The new Act will clarify and in some aspects strengthen the legal protection of trade secrets. The main changes relate to the definition of trade secrets, the acts that constitute infringement of trade secrets and the enforcement measures that may be invoked when trade secrets are infringed.
The new Norwegian Trade Secrets Act, implementing Directive (EU) 2016/943 on the protection of undisclosed know-how and business information (trade secrets), enters into force on 1 January 2021.
Holders of trade secrets must take steps to keep information secret
Both under the current Law and under the new Act there is a requirement for trade secrets protection that the holder of information must have taken reasonable steps to keep the information secret. This requirement is strengthened under the new Act. From the turn of the year it is therefore even more important that businesses that hold unique information which is of commercial importance ensure that they have sufficient measures in place to protect such information from unauthorized disclosure or misappropriation. In short, all holders of trade secrets should implement a storage policy with access limitations and data security measures to avoid unauthorized access. Holders of trade secrets must also make sure that all employees and third parties which are given access to the information have signed non-disclosure agreements (NDA) before access is given.
The new Act sets out three infringing acts; unlawful acquisition, use and disclosure of trade secrets. Such acts are considered to be unlawful if they are carried out without the consent of the holder of the trade secrets, or otherwise violates legislation or agreements. When a person have obtained trade secrets from someone who unlawfully disclosed it, the use or disclosure constitutes an infringing act if the receiving person knew or ought to have known that the trade secret was unlawfully disclosed.
The new Act introduces a better protection for goods that derives advantage from unlawful acquisition, use or disclosure of a trade secret (infringing goods). For instance, manufacturing, offering or placing on the market of infringing goods are prohibited when the person carrying out such acts knew, or ought to have known, that the goods constituted an infringement of a trade secret.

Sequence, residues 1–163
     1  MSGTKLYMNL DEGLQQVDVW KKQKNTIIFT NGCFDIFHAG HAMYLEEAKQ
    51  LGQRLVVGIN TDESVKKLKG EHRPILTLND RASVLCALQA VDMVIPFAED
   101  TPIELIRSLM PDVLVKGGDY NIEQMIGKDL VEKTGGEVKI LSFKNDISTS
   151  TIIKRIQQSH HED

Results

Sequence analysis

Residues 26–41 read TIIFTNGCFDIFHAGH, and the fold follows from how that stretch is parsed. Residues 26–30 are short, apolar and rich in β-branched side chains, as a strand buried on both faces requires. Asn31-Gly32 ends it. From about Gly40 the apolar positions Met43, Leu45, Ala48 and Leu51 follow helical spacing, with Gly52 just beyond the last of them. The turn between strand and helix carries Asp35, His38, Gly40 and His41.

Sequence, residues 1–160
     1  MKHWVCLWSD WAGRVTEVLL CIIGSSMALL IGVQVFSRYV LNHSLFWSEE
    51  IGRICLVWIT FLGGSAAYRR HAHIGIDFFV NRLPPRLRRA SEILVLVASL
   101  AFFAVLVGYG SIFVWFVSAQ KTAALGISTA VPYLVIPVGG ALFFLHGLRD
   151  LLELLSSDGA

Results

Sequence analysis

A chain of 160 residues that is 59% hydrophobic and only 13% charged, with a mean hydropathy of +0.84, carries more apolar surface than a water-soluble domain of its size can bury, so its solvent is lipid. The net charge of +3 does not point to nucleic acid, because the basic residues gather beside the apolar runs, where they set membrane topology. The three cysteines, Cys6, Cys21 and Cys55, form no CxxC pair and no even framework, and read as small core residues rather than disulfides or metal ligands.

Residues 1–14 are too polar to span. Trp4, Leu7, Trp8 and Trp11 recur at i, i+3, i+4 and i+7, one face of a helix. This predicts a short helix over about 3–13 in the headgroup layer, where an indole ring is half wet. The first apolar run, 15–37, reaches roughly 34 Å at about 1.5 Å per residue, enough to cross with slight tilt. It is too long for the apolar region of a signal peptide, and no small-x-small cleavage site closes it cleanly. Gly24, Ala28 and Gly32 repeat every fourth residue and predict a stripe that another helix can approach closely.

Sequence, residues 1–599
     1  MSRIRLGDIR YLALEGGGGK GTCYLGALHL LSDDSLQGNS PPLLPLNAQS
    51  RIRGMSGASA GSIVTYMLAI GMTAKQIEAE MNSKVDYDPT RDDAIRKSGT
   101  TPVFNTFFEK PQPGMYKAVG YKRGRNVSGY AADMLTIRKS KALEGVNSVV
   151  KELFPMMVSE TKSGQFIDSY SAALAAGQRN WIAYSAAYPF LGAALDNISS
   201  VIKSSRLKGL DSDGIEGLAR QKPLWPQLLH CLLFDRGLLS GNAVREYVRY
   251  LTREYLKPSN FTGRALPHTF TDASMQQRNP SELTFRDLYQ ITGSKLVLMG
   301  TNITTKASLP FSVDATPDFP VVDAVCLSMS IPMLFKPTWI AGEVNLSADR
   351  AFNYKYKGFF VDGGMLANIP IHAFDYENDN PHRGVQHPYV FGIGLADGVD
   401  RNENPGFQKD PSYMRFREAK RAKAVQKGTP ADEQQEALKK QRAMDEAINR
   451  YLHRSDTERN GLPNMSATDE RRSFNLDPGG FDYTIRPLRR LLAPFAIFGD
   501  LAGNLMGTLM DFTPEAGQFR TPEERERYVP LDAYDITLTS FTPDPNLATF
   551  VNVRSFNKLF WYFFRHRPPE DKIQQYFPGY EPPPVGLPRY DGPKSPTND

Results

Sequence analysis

The new Act strengthens the measures that are available for the holder when a trade secret is infringed. Inter alia, injunctions prohibiting on-going and imminent infringements, corrective measures in relation to infringing goods, such as recall of the infringing goods from the market or destruction of the infringing goods and compensation or damages based on the one of the following three alternatives that is the most favourable for the holder of the trade secret: (i) a reasonable license fee and damages for loss which would not have been incurred had the trade secrets been licensed, (ii) damages for financial loss suffered as a result of the infringement, or (iii) compensation corresponding to the infringer's financial gain. The provision on compensation and damages in the new Act is similar to the provision on compensation and damages in the current Marketing Control Act.
Importantly, the new Act introduces a new provision which entails that injunctions and corrective measures are subject to statutory limitation of three years from the time the holder of the trade secret became aware of, or ought to have become aware of, the infringement and the infringer.
We are currently working on the commentary to the new Act, which is to be published by Universitetsforlaget in 2021.